ItemCucumberTomatoWHO/FAOc
GonbadGorganGonbadGorgan
Zn53.4 ± 27.7 (0.9)60.3 ± 35.5 (1.03)17.9 ± 11.9 (0.3)23.8 ± 15.2 (0.4)60
Cd0.09 ± 0.14 (2)0.12 ± 0.15 (2.4)0.03 ± 0.028 (0.6)0.08 ± 0.12 (1.6)0.05
Pb1.47 ± 075 (14.7)1.4 ± 1.04 (14.4)0.5 ± 0.31 (5)0.7 ± 0.65 (7)0.1
Cu4.1 ± 3.5 (0.1)3.7 ± 3.5 (0.1)0.85 ± 0.45 (0.02)1.7 ± 2.1 (0.04)40

a Values are presented as mean ± SD (R/MPl).

b Ratios of heavy metal concentrations (mg/kg) to the maximum permissible limit (MPL) of WHO/FAO (R/MPl).

c WHO/FAO maximum level (ISIRI, 2013 (21); Codex alimentarius commission, 1994 (25)).

Our findings showed that the concentrations of Pb and Cd in cucumber and tomato were above the food safety limits in comparison with the threshold values issued by the WHO/FAO. This could pose a potential risk in terms of products’ quality to consumer’s health. In contrast, Zn and Cu concentrations in all the studied samples were below the food safety limits (25, 26).

This agrees with the non-statistically significant correlation coefficients between the concentrations of heavy metals in vegetables and esophageal cancer in Golestan province (P-value > 0.05).

Golestan province in the northeast of Iran is one of the high-risk areas for esophageal cancer in the world (18). While our results showed that the average concentration of some of the tested metals in cucumber samples was more than the values in food proposed by FAO/WHO (26) (Particularly in the cases of Cd and Pb where the values exceeded up to 2.4 and 14.7 times more than the WHO/FAO guidelines, respectively) (Table 2), there were no statistically significant correlations between esophageal cancer and heavy metal concentrations in vegetables from Gonbad and Gorgan (P > 0.05). The amount of Zn, Cd, and Pb in cucumber and tomato was significantly higher in Gorgan samples than in Gonbad samples (Table 2). In general, the concentrations of Zn, Cd, Pb, and Cu were lower in tomato samples than in cucumber samples. Heavy metals concentrations in vegetables found in this research and other studies are listed in Table 3. Data from the open literature showed that heavy metal concentrations in the vegetable samples varied widely depending on the sampling area.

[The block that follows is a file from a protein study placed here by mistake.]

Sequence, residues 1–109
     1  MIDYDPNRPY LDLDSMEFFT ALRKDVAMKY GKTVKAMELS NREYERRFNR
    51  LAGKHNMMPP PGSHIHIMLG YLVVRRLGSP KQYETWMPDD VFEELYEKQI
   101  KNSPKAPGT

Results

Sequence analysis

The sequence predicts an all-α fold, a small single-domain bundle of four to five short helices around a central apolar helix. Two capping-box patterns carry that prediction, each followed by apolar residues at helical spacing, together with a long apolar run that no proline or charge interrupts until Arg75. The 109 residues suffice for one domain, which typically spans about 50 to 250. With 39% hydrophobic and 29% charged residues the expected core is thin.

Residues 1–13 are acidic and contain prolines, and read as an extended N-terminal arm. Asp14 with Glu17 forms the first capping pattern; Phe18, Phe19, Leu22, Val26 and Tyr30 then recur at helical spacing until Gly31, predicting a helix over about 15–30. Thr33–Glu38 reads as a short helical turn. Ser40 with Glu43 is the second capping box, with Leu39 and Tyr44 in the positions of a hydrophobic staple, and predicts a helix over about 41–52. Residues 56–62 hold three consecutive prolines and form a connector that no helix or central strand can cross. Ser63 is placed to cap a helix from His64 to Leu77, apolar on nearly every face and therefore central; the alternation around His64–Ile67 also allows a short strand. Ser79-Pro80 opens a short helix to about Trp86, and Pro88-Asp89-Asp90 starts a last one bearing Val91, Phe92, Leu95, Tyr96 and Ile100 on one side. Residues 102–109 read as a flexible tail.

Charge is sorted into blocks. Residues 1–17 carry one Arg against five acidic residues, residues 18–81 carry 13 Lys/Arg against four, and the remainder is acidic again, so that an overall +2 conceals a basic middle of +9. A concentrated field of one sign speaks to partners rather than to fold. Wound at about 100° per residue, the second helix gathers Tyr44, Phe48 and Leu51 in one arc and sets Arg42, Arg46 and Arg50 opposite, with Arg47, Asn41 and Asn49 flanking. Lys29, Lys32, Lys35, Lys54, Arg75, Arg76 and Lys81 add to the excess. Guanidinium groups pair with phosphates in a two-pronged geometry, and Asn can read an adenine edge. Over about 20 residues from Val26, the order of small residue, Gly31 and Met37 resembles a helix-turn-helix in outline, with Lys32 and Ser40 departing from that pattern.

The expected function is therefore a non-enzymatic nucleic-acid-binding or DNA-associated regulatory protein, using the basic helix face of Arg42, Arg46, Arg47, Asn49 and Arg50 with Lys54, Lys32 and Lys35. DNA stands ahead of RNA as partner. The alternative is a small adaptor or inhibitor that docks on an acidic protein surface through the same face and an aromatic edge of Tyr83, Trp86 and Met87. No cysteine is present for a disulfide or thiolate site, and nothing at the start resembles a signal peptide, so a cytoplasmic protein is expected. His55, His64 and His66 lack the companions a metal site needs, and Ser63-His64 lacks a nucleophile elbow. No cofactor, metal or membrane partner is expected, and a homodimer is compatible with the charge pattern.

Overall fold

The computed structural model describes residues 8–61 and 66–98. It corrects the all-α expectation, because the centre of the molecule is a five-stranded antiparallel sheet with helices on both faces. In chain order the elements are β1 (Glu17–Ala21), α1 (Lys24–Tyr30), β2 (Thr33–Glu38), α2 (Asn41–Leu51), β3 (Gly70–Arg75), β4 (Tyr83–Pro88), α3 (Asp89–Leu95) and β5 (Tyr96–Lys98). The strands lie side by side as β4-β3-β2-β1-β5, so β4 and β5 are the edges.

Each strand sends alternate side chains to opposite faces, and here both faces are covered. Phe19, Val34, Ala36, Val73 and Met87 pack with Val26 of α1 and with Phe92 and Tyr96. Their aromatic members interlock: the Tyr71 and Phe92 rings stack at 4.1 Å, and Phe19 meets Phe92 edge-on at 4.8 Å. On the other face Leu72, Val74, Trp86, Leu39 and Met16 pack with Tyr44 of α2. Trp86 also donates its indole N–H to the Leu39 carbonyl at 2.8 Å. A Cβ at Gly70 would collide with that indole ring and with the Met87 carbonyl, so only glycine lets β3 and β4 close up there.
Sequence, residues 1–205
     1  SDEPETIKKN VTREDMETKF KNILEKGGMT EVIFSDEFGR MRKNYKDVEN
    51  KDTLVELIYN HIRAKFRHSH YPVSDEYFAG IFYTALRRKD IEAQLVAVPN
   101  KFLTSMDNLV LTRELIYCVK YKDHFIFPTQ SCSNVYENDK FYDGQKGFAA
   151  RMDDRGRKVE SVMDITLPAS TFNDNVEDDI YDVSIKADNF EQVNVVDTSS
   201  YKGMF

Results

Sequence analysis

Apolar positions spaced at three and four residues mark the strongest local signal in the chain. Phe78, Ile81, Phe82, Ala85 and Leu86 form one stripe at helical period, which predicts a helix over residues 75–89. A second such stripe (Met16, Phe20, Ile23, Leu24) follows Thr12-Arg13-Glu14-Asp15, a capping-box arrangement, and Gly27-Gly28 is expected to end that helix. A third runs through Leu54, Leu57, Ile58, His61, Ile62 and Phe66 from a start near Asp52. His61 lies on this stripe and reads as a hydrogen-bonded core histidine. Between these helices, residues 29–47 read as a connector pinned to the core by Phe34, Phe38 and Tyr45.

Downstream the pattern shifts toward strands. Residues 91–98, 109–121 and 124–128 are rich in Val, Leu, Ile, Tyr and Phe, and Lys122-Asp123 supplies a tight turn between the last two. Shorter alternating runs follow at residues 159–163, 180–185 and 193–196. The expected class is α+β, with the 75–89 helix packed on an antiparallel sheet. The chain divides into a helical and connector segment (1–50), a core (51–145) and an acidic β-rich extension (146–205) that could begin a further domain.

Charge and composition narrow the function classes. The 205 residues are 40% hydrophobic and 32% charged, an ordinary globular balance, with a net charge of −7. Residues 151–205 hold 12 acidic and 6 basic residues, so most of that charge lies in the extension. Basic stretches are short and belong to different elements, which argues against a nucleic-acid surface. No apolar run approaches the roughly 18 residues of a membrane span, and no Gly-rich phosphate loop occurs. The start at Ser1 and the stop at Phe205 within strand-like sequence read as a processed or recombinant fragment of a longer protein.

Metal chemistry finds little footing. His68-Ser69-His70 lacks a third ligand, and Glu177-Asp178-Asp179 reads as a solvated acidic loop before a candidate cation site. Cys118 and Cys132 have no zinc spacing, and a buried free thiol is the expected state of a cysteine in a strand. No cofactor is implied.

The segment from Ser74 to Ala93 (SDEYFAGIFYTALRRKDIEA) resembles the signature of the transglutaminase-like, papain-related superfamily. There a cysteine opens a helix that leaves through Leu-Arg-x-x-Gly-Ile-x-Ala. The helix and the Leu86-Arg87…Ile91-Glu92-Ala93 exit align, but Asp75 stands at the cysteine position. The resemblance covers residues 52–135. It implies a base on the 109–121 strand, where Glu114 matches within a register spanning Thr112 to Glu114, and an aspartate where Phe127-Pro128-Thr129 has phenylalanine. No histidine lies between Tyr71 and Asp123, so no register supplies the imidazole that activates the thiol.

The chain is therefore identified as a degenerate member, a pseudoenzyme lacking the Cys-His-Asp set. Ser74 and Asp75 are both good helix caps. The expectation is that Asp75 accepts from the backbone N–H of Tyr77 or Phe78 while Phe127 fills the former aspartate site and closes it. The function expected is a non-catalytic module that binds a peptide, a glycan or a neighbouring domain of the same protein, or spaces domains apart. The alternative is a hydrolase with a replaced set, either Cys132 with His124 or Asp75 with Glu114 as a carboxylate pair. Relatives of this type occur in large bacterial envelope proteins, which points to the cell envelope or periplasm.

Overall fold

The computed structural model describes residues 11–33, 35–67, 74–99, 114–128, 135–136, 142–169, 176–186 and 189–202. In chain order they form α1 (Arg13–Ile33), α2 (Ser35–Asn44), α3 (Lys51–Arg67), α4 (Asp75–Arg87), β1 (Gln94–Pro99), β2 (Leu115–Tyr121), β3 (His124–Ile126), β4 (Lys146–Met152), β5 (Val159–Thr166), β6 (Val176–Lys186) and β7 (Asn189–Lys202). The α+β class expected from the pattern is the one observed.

Table 3. Comparison of Heavy Metal Concentrations (mg/kg d.w) in Vegetables with Values Taken from the Open Literature
Sampling Area/VegetableZnCdPbCuYearReferences
GolestanThis research-
Cucumber56.90.151.443.4
Tomato29.80.060.61.28
Vadodara2013(27)
Cucumber--1.44Nil--
Tomato--1.24Nil--
Beijing2009(28)
Cucumber4.730.0150.1231.66
Tomato1.90.0160.230.77
Saudi Arabian2012(29)
Cucumber29.871.133.673.21
Tomato22.441.673.325.8

4.2. Heavy Metal Intake